As you probably know by now if you’ve ever read this blog before, I like to ask questions of my readers. It’s a way for me to gain some added industry experience without actually having to live through any some of the common pitfalls of the day-to-day life of a Systems Administrator, and typically you guys are pretty helpful and informative while being only slightly snotty…

My question today relates to power. You know, that sparky stuff that comes out of those holes in the wall and makes things go (and hurts you if you stick a key in one of those funny holes… go figure).

Recently, I’ve finally gotten fed up with Duke Power’s service. Since there’s no real alternative or forseeable change in the near future, I decided that it was time to put a stop to the random power flashes and guaranteed repetative flashes during thunder storms. I’ve got small consumer (ie: one-PC) UPSes here at home, but they’ve all died along the way (it’s not just the battery, something’s actually happened to the rest of the UPS itself. Power works on the surge-protected outlets, but not on any of the UPS-backed ones).

I was looking at pricing out UPS systems to replace my dead ones the other day, and since I have no idea about electrical stuff aside from the fact that you never NEVER NEVER want to cross those two wires (oh, and that it’s always the green wire you cut… or was that red…?), I went to APC’s website to use the online configurator they have for selecting an appropriate UPS system.

Well, it looks like my needs may be a tad more than the average user’s household needs. They quoted me at a standard wiring-closet (1 to 3 racks) UPS system that runs about $5,000.

Now, since that’s clearly out of the question, I’ve started formulating other plans that have yet to be set in motion. Still, this got me thinking. Most UPS systems are designed to support a certain amount of equipment for under 10 minutes (on average 6 to 7 minutes is common). At work we have a series of rack-mounted equipment that will support about a dozen boxes each, with the added battery packs. Still, the runtime isn’t going to be stellar (we’re probably looking at 15 minutes, tops).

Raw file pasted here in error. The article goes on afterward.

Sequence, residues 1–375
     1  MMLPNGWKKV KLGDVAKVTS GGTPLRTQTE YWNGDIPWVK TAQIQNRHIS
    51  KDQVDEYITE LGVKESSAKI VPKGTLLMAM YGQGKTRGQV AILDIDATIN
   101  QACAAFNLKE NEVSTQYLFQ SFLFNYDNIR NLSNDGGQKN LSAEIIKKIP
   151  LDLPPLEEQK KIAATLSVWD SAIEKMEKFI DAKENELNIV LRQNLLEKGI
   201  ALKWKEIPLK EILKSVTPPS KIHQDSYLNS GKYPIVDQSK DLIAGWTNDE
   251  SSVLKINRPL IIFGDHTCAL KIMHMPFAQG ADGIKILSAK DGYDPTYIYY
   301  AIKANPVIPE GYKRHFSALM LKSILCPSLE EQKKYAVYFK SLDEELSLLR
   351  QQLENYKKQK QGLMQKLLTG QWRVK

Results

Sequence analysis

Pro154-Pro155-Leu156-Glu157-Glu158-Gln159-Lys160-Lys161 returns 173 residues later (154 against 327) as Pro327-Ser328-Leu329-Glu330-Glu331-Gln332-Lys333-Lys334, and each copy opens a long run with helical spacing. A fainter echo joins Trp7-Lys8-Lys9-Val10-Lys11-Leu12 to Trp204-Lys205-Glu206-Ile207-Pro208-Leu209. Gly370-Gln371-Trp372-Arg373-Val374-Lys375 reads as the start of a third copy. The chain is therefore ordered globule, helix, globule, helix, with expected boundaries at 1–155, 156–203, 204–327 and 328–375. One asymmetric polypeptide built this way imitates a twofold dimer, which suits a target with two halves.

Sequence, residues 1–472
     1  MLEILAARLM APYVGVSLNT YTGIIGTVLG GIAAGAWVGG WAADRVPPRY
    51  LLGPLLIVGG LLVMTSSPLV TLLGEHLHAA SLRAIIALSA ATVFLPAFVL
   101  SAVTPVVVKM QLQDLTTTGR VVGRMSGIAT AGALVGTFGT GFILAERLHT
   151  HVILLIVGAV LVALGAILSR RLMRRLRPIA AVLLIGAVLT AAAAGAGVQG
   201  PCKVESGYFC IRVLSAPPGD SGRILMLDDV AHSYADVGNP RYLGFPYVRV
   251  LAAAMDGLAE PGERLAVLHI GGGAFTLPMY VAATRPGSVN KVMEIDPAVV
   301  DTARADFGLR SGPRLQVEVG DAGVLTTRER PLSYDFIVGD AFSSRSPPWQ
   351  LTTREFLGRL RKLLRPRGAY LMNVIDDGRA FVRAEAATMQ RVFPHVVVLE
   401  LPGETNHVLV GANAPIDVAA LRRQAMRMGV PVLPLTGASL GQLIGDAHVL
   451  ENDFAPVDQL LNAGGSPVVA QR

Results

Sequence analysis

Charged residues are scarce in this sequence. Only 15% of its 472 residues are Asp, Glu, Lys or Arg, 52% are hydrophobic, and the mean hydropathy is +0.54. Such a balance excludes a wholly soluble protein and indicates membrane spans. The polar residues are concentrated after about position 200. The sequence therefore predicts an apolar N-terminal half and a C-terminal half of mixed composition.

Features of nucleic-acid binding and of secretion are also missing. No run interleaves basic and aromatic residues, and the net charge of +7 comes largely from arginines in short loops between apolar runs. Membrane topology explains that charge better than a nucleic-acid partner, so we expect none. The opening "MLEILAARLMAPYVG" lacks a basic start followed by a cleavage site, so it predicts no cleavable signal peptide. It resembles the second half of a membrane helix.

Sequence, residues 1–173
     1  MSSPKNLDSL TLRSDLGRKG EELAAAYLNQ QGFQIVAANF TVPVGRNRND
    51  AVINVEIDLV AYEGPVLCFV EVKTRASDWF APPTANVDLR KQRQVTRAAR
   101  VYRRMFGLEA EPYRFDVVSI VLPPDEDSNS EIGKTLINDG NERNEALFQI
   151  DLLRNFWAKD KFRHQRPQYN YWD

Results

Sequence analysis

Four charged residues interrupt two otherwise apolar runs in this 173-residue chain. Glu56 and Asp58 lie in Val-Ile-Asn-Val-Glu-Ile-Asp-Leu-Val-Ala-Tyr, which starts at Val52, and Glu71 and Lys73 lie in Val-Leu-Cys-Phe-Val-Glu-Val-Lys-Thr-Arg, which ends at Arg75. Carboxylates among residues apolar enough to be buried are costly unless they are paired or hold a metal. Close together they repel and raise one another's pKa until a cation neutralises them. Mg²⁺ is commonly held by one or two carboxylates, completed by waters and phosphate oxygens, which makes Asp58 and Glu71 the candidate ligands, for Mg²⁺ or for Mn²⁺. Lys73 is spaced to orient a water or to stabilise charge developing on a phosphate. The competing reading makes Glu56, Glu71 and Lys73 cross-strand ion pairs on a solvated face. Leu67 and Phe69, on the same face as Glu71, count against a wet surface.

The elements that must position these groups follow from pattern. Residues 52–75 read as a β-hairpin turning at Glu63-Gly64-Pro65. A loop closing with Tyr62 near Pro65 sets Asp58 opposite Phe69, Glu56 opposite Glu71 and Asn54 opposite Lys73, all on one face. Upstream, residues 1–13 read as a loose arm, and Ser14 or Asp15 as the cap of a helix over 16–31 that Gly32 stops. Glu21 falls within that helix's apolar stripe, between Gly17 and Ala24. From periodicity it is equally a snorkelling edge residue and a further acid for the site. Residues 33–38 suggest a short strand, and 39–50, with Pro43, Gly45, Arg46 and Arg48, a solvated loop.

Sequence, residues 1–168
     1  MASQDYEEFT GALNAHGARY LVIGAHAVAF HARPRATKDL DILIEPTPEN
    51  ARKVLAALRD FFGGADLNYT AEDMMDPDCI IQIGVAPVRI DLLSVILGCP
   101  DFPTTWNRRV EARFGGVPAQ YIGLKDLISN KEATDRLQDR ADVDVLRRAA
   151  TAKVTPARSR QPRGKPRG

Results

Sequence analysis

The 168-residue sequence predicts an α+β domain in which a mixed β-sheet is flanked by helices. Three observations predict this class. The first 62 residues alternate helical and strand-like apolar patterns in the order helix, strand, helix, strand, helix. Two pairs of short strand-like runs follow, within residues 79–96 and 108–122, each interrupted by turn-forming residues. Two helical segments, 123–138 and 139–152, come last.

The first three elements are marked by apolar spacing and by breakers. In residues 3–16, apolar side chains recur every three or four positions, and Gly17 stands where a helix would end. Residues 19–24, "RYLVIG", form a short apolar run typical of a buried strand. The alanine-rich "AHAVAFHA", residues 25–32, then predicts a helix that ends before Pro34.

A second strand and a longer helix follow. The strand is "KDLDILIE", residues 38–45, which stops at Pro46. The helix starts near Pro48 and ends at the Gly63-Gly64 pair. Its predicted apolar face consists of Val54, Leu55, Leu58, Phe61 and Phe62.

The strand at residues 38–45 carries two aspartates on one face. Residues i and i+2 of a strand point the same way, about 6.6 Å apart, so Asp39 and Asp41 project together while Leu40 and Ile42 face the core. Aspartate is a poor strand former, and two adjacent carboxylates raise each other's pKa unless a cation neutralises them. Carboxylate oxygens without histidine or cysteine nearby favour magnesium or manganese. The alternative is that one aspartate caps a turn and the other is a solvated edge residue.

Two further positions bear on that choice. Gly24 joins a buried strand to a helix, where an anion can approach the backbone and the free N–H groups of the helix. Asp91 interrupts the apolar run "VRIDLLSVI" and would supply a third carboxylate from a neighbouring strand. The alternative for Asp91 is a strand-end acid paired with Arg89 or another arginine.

So my question is: what’s common in the industry? We’re not talking data-center stuff here. We’re talking a normal 8 to 5 shop (give or take) that’s open Monday thru Friday and closed all major holidays anyway. What kind of setup do you have at work? Do you even bother? Is the idea really just to survive the odd power flash without data loss (since the desktops on the floor that are unprotected aren’t going to be up through it, and operations won’t be immediately resuming), or have you geared your setup for a more 24x7 approach (and why)?

In reality, at any point in time during the day, we could probably stand to lose power without warning and still not lose any data. Sure I’d spend an hour or two bringing systems back up, making sure they came up cleanly, and that everything was running smoothly again, but is that the only reason we’ll drop $10,000 for a UPS that’s going to keep us going only for a handfull of minutes?

Questions? Opinions?

Originally published and updated .
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